Education is important to Kyle as it “broadens our horizons and creates new opportunities. It allows us to see what our community needs and take action to creating a solution.”

Kyle’s scholarships from Doyon Foundation “made it possible for me to complete my undergraduate without having to also take on a full-time job or take semesters off to pay for tuition. I was able to focus on my education and graduate with honors. I am grateful for all the support Doyon Foundation has given me throughout my undergraduate degree.”

“Be involved in your community,” Kyle encourages his fellow students. “It will give greater meaning to your education and motivation to complete your degree.”

Krysten Walker

Krysten Walker - preferredKrysten, originally of Maple Valley, Washington and currently residing in Stanford, California, is the daughter of Robert and Dawn Walker, and the granddaughter of Virginia Sweetsir and the late David Sweetsir, Sr., and Jan and the late Bob Walker.

She is a junior at Stanford University, where she is pursuing a bachelor’s of science in science, technology and society, with a concentration in innovation, technology and organizations.

For Krysten, “Receiving a Doyon Foundation scholarship means graduating from Stanford debt-free and on time. My Doyon Foundation scholarships have been able to fill the gaps in my institutional financial aid, leaving me with time to find my place on campus without worrying about spending all of my free time at work.”

Krysten describes her time at Stanford as “life changing. My classes have challenged me to examine the world around me critically. Outside of class, my dormmates and sorority sisters have taught me infinitely more. I am very fortunate to have the opportunity to get to know such a diverse group of people and I’ve really valued every minute of my Stanford experience.”

To her fellow students, Krysten advises, “Stay true to yourself. I’ve found that it’s easy to get stuck in the trap of taking hard classes because everyone else is doing it and then stress about your grades, sacrificing your health and well-being for something that isn’t meaningful to you. Find value in what you do and success will follow, whatever success means to you.”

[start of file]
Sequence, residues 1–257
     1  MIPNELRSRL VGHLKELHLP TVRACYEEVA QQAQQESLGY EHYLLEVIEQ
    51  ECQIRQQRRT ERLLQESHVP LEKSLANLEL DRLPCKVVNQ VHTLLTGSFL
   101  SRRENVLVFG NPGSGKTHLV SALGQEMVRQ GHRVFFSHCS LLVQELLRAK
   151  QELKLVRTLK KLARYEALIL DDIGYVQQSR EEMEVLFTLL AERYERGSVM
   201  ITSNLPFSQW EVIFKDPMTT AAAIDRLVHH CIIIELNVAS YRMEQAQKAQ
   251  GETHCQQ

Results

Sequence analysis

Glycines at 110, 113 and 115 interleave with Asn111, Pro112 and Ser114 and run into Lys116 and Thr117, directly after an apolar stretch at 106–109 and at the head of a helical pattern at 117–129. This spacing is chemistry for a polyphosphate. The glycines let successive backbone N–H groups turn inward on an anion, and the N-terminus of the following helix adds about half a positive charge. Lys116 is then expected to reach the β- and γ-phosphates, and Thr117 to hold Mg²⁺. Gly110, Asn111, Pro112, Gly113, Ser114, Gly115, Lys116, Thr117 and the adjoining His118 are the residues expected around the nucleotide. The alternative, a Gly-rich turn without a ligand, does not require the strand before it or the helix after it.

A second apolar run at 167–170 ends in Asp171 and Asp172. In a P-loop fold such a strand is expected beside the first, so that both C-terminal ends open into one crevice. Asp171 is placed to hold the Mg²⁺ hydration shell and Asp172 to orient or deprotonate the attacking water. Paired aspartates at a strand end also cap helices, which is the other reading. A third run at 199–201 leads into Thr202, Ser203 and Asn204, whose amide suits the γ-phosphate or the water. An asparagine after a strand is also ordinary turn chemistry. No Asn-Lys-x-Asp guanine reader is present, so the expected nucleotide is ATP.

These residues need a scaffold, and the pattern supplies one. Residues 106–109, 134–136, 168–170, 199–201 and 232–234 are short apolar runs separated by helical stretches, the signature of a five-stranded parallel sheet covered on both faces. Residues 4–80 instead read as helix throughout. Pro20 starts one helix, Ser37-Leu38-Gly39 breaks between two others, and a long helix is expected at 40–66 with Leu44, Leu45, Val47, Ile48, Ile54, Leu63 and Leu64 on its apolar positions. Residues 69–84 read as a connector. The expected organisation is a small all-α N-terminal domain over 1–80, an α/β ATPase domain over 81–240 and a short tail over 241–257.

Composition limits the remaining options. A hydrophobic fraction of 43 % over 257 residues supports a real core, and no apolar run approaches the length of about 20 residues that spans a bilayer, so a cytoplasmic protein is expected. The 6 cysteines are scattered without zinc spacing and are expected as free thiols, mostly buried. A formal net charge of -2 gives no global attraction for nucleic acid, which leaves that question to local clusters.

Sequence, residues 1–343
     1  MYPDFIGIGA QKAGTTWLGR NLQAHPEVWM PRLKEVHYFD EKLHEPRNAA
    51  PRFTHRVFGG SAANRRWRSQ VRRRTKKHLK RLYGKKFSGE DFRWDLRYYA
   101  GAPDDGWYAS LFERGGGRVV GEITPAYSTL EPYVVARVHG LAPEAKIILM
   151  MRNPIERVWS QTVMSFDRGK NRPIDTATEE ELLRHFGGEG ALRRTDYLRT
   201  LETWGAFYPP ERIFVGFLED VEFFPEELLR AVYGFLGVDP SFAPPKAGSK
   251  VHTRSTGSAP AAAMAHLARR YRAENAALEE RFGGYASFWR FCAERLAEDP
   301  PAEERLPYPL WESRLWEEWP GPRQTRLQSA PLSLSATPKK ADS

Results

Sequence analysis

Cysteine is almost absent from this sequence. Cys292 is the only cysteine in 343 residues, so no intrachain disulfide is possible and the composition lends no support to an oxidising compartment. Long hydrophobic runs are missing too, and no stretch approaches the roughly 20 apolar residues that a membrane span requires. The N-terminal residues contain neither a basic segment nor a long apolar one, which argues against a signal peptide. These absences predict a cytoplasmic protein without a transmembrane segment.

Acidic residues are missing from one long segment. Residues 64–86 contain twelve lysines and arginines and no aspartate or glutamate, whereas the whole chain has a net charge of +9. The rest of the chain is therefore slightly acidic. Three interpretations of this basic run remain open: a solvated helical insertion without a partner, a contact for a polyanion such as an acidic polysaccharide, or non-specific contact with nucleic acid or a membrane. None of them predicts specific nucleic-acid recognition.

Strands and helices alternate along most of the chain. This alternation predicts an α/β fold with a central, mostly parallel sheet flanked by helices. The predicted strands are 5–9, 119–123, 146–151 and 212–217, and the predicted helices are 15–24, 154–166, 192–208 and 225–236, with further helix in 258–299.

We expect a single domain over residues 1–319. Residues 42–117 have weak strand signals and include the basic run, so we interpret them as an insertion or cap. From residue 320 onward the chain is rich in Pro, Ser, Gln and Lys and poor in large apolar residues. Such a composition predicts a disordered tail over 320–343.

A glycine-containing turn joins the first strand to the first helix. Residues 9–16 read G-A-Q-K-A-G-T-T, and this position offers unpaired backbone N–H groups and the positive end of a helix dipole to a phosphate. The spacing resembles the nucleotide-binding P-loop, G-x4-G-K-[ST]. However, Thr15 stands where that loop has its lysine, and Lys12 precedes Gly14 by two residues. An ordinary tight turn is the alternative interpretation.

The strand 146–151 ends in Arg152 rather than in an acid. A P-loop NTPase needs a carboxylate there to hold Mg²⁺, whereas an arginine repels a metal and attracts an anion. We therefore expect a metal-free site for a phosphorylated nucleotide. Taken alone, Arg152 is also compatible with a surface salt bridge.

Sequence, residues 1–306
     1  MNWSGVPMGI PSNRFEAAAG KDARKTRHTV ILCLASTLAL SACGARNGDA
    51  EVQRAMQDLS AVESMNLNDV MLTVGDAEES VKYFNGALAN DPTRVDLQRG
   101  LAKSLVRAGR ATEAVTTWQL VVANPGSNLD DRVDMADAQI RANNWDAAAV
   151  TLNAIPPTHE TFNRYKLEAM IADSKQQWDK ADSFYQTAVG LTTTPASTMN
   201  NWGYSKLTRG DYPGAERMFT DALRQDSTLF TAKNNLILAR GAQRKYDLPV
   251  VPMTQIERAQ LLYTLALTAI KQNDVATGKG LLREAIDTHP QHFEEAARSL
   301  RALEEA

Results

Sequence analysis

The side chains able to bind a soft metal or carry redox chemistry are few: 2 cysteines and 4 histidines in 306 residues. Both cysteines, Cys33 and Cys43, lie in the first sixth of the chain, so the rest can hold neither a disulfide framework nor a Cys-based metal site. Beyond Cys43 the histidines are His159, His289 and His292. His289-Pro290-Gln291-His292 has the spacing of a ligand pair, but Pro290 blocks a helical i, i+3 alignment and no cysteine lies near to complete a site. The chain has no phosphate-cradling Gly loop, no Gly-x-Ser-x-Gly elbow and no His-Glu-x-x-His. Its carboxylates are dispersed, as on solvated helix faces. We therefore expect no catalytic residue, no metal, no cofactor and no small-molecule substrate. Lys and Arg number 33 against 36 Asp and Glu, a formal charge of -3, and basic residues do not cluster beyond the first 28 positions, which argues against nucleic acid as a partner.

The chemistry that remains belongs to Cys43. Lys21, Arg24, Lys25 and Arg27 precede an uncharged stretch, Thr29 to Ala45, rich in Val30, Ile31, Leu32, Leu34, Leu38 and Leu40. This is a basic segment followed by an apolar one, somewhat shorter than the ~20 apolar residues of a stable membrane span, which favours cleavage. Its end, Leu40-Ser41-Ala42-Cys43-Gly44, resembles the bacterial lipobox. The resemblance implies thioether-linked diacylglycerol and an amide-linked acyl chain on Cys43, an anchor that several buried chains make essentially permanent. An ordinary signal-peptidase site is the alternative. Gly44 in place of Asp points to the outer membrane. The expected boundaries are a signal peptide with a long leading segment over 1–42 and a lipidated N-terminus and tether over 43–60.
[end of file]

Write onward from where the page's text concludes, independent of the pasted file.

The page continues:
Darren Whitworth

Whitworth, DarrenDarren, originally from McGrath, Alaska and currently residing in Virginia Beach, Virginia, is the son of Carl and Marcia Whitworth, and the grandson of the late John and Cecelia Andrews, and the late Rudolph and Ethel Whitworth.

Darren graduated in May 2016 from Regent University with a master’s of divinity, with a concentration in chaplain ministry.

“Although it seems the learning has only begun, I hope to put my education to work in my local community, and in communities around the world,” said Darren, who plans to serve and pursue a career in the chaplaincy field. “While being open to the lead and guidance of the Spirit of God, I hope to accomplish my life’s purpose, and destiny, which I believe involves serving the people of Alaska, as we build healthy, vibrant, prosperous communities to the glory of God.”

Darren values education because, “When it comes to each person finding and fulfilling his or her own purpose in life, an education can help them find, and develop his or her own strengths. I believe as we seek an education, we maximize our potential in bringing forth our gift or contribution to the world,” he said.

Receiving a Doyon Foundation scholarship was important to Darren because “Instead of channeling my energies to a part-time job, or a work study program, I am able to devote my attention, time and energies to my academic course work,” he said. “Your support also shows how much we as Athabaskans value education, so it is a privilege and an honor to receive financial contributions from Doyon Foundation, as I feel compelled to take more responsibility for the assets you have entrusted to me.”

To current Foundation students, Darren said, “I would encourage you to be yourself, because the minute you try to be someone else is the first minute we lose the personality, character, and person you bring into our world – you are a blessing. Another word of advice, I would encourage you to run your own race. Given your own life circumstances, you may have to balance school with work and a family, so even though the program is a three- or four-year program, it is okay to complete it in the length of time that is good for you.”